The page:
The European Union began as a community of 6 nations but has grown to include 28 member states who share common policies towards politics, legal, social and business cohesion. Together the member states work towards serving the interests of 500 million citizens. The EU commercial law is applicable on all member states and their businesses, irrespective of their size. The international commercial laws for any country are governed by three main sources, the individual laws of the country, the laws which various countries agree upon as per trade agreements and the laws enacted by regional or worldwide bodies such as the United Nations Organization (Boom, et al., 2014). EU commercial law can be regarded as one of the regional laws governing the business climate within the European Union. The law tends to have its impact on various aspects of a business like, the procurement approach, sourcing strategy, manufacturing processes, volume, product or service quality and the import and export prices etc.
In the context of the impact of EU commercial laws on business houses, it is worthwhile to understand the nature of impact on small and medium sized businesses in the region. These SMEs generally work on a smaller scale, with less capital outlay and limited scale of operations. In most of the cases, paucity of funds and budgetary constraints drive the business strategy of these enterprises. According to EU Report (2015), the criteria for deciding as to what constitutes an SME is the staff headcount along with either the balance sheet total or turnover. The figure below illustrates the same.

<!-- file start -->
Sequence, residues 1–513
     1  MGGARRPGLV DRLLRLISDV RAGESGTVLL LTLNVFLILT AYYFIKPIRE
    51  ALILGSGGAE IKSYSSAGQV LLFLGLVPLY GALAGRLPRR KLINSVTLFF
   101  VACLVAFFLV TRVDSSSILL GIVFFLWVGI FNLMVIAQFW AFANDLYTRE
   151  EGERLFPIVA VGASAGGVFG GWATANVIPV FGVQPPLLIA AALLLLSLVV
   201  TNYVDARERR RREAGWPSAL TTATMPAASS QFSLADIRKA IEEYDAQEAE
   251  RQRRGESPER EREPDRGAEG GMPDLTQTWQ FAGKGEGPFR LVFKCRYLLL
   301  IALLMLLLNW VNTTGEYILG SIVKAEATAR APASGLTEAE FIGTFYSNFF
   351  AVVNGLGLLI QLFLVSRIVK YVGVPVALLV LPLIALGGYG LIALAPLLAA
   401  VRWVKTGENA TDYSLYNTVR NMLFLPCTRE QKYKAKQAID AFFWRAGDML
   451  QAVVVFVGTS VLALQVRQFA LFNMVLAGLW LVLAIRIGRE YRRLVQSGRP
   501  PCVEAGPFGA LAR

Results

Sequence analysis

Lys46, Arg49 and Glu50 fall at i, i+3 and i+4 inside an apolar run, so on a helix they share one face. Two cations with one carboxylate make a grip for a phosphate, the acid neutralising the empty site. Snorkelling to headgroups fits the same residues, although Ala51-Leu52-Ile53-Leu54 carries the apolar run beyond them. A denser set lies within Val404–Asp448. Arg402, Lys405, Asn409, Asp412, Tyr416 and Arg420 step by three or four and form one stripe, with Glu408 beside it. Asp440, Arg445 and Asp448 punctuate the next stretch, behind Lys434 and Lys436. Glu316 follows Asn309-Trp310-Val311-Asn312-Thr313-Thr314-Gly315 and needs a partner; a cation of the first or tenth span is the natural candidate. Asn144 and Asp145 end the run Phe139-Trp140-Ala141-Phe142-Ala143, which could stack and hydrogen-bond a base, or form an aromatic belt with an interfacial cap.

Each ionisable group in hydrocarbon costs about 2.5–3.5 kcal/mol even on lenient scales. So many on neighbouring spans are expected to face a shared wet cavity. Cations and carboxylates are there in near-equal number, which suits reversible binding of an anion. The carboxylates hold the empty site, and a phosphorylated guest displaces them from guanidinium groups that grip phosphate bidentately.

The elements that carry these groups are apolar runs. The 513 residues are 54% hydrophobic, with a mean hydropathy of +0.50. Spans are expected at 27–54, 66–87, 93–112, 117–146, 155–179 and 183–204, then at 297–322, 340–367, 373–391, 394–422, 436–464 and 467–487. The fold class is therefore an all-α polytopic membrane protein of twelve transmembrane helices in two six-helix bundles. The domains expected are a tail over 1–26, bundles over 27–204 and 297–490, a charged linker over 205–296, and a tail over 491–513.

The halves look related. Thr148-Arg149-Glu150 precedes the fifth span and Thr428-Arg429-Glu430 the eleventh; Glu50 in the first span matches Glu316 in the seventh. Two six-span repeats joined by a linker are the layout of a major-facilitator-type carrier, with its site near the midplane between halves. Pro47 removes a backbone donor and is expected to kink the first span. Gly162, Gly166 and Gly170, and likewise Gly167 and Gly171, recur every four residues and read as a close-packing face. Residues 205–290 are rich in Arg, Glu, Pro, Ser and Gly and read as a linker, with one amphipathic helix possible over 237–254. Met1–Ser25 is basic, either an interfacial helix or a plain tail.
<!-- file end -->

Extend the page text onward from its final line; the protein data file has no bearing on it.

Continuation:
Figure: Criteria for SME in the European Union (ec.europa.eu, 2015)
The European commission has a number of benefits planned for such enterprises in the form of funding programs, SME-specific competition rules, and other incentives towards promoting entrepreneurship, cutting red tape, allowing them access to new markets, making finance accessible to them etc. A closer comparison of the employment generation trends and the value addition done by SMEs and large enterprises is illustrated in the figure below.
Figure: Employment and value add trends of SMEs compared with large enterprises in EU (EC, 2014)
As can be noticed, since the economic crisis of 2008, when the employment levels in large enterprises declined, the SMEs continued to play a major role in providing job opportunities. In terms of opportunities, these enterprises have either been at par or ahead of most large enterprises since 2008. However, it is also crucial to notice that economic fluctuations tend to impact the value addition done by these enterprises. This shows the vulnerability of these SMEs to changing and uncertain business climate. Under such a scenario, it would be worthwhile to understand how the EU competition laws impact the import and export activities conducted by such SMEs and what steps could be recommended to boost the growth and productivity of such enterprises.